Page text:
Hulls - 24670

Hulls - 24670

What is Freight Class?

All LTL (less-than-truckload) shipments require a freight code. This code, created by the National Motor Freight and Traffic Association, lets carriers quickly identify qualities of the shipment to help with transportation logistics.
Ship hulls accurately by using the information below:
24670
Hulls
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Commodity note:

Subclasses for

Hulls - 24670

Often, NMFC codes have multiple subclasses. These subclasses almost always distinguish various densities.
In this instance, the commodity, hulls, is further broken down in the following subclasses:

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freight subclasses

Subclass Info

24670-1

24670-2

24670-3

24670-4

24670-5

24670-6

500

300

500

400

In boxes, crates or Packages 176, 2115, 2232, 2356, 2366, 2504 or 2525:

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Boat

Greatest dimension exceeding 96 inches

Greatest dimension not exceeding 96 inches

In packages other than as set forth in sub 1:

Greatest dimension exceeding 96 inches

Greatest dimension not exceeding 96 inches

Boat

Greatest dimension exceeding 96 inches

Greatest dimension not exceeding 96 inches

In packages other than as set forth in sub 1:

Greatest dimension exceeding 96 inches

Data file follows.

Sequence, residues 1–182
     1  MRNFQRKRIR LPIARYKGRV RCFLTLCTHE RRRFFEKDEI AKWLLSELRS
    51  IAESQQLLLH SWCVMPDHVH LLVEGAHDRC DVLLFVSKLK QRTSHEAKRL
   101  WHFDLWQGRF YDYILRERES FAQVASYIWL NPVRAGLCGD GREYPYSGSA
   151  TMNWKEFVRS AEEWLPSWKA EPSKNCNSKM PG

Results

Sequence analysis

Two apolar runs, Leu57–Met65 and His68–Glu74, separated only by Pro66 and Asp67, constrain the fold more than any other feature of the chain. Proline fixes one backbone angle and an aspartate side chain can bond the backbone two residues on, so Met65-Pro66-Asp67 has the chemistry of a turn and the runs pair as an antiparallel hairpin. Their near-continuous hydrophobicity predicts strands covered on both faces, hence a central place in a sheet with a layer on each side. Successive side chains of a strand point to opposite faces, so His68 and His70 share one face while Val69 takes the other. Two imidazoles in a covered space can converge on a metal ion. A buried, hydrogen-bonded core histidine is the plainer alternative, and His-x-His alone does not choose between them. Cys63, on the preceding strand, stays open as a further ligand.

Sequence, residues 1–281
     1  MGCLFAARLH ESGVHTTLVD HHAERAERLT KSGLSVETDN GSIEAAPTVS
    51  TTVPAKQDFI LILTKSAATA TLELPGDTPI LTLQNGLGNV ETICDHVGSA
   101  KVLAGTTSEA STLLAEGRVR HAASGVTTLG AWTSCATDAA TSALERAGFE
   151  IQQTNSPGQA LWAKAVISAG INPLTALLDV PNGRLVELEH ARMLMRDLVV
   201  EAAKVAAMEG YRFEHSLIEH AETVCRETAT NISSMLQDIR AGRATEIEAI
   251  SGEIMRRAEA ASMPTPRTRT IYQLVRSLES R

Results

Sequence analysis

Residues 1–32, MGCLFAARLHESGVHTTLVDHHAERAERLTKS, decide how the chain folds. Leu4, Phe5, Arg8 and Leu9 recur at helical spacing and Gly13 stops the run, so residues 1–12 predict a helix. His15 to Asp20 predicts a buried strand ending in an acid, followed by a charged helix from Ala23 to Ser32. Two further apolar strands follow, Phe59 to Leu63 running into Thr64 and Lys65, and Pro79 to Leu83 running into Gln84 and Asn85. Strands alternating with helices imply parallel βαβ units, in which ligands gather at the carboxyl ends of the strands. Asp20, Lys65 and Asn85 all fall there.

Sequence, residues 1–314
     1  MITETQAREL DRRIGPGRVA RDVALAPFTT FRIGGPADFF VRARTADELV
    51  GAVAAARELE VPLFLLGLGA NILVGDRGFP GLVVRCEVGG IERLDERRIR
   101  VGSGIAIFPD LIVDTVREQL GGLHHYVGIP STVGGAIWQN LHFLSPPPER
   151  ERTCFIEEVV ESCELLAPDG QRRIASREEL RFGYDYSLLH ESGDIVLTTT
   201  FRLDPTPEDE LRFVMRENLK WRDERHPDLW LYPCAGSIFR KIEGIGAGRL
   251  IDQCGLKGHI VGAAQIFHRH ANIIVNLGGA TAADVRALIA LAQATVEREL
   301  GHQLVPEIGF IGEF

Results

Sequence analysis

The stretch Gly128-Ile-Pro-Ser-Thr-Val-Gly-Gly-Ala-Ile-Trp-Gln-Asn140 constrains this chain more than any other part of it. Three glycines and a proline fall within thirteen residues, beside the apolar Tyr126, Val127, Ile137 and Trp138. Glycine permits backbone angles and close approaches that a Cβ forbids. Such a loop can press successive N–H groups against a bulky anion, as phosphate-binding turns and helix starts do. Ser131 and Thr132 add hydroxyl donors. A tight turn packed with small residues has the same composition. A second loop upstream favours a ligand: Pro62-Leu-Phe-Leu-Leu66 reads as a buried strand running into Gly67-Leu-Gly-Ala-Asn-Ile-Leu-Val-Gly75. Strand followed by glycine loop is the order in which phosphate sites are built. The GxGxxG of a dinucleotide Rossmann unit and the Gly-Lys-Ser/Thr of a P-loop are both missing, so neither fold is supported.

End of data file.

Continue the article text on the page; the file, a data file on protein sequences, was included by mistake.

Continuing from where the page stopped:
Greatest dimension not exceeding 96 inches

Subclass NMFC Code
Freight Class
Subclass Notes
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Please note: This is for educational purposes only. Ultimately, the carrier reserves the right to classify the groups.

FAQs

How can I determine NMFC codes?

An organization named the National Motor Freight Traffic Association (NMFTA) publishes a list of freight class designations, codes, and subclasses for frequently shipped commodities (https://classit.nmfta.org/). You must pay a subscription fee to view it. Find more information about freight classes from the experts at Koho for free on our freight classes pages.

How many freight classes are there?

The National Motor Freight and Traffic Association has 18 freight classes numbered 50 to 500. The lower the freight class, the lower the cost of transporting that freight.

Do all commodities have NMFC freight subclasses?

No, not all commodities have freight subclasses, although many do.